The investigative drug SEP-363856 has been evidenced in a phase 2 trial to reduced hospitalized patient symptoms and severity.
The US Food and Drug Administration (FDA) has granted Breakthrough Therapy Designation to novel investigative therapy SEP-363856 for the treatment of schizophrenia.
The Sunovion and PsychoGenics psychotropic has been given an expedited pathway toward regulatory approval based on the findings of a pivotal phase 2 trial presented at the Annual Meeting of the American College of Neuropsychopharmacology (ACNP) in December last year, as well as from a six-month, open-label, safety and tolerability extension trial.
The registration study, SEP 361-201, was a randomized, placebo-controlled, double-blind trial which assessed for a primary endpoint of statistically significant and clinically meaningful improvement in Positive and Negative Syndrome Scale (PANSS) total score versus placebo in treated patients hospitalized with acute schizophrenia exacerbation. At the end of 4 weeks, treated patients reported a significant and meaningful improvement in PANSS versus place (-17.2 vs -9.72, respectively; P= .001).
Patients on the investigative drug also showed improvement in overall illness severity assess by the Clinical Global Impression Scale for severity (P< .001). The therapy was found to be generally well tolerated among treated patients, with similarities to placebo in discontinuation rates, restlessness symptom rates, and changes in metabolic metrics.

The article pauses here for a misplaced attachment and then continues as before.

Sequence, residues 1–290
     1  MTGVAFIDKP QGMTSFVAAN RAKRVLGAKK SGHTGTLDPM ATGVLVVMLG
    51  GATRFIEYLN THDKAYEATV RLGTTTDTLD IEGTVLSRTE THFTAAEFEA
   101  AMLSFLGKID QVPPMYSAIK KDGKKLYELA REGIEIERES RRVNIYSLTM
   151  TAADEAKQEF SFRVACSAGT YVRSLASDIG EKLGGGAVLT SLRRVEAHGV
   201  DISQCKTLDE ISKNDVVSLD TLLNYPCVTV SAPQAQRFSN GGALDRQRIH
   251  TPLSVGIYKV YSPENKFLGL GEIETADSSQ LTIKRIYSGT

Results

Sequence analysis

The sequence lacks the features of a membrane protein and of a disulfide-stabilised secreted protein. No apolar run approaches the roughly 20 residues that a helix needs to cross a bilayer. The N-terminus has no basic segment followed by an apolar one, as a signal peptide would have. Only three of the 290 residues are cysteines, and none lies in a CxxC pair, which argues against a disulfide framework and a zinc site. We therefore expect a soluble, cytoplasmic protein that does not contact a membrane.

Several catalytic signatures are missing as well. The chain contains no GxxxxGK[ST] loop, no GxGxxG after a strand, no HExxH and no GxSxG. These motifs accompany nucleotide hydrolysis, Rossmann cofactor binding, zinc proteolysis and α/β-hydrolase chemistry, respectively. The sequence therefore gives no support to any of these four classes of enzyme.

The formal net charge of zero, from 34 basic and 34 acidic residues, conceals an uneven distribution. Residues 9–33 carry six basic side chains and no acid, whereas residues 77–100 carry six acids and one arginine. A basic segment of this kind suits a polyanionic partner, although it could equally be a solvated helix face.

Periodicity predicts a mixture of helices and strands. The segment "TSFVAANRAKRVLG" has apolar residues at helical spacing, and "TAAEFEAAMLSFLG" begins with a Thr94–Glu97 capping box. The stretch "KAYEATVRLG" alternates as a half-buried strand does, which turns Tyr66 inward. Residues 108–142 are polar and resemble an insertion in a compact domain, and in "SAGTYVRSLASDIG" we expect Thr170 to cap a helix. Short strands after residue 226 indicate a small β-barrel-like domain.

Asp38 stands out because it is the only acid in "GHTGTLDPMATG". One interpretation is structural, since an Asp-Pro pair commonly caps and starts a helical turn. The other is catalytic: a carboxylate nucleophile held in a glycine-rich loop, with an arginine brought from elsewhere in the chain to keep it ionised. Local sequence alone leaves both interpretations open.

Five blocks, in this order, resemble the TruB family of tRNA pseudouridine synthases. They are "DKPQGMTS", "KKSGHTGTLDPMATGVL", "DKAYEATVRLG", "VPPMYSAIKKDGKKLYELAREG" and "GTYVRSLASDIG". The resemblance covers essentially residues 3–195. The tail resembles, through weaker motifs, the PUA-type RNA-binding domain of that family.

The exact mechanism of action for SEP-363856 is unknown, but investigators believe it functions by activating trace amine-associated receptor 1 (TAAR1) and serotonin 1A (5-HT1A) receptors. Currently available antipsychotic therapies bind to either dopamine 2 (D2) or serotonin 2A (5-HT2A) receptors, which is considered to mediate their effect.
The investigative therapy is also being studied for Parkinson disease psychosis and other indications, as part of a global development program. It’s currently evidenced to be considered suitable for once-daily administration.
As a driver of chronic psychiatric abnormalities that affect about 2.4 million people in the US, schizophrenia requires greater, more significant daily therapies. Anthony Loebel, MD, president and chief executive officer at Sunovion, hopes that can be achieved with SEP-363856.
“Breakthrough Therapy Designation underscores the potential of SEP-363856 as a novel treatment for patients with schizophrenia, for whom few major advances in treatment have occurred since the advent of antipsychotic pharmacotherapy in the 1950s,” Loebel said in a statement. “Investigational studies to further evaluate the clinical benefit of SEP-363856 are in progress, and we look forward to working closely with the FDA on this important potential new therapy."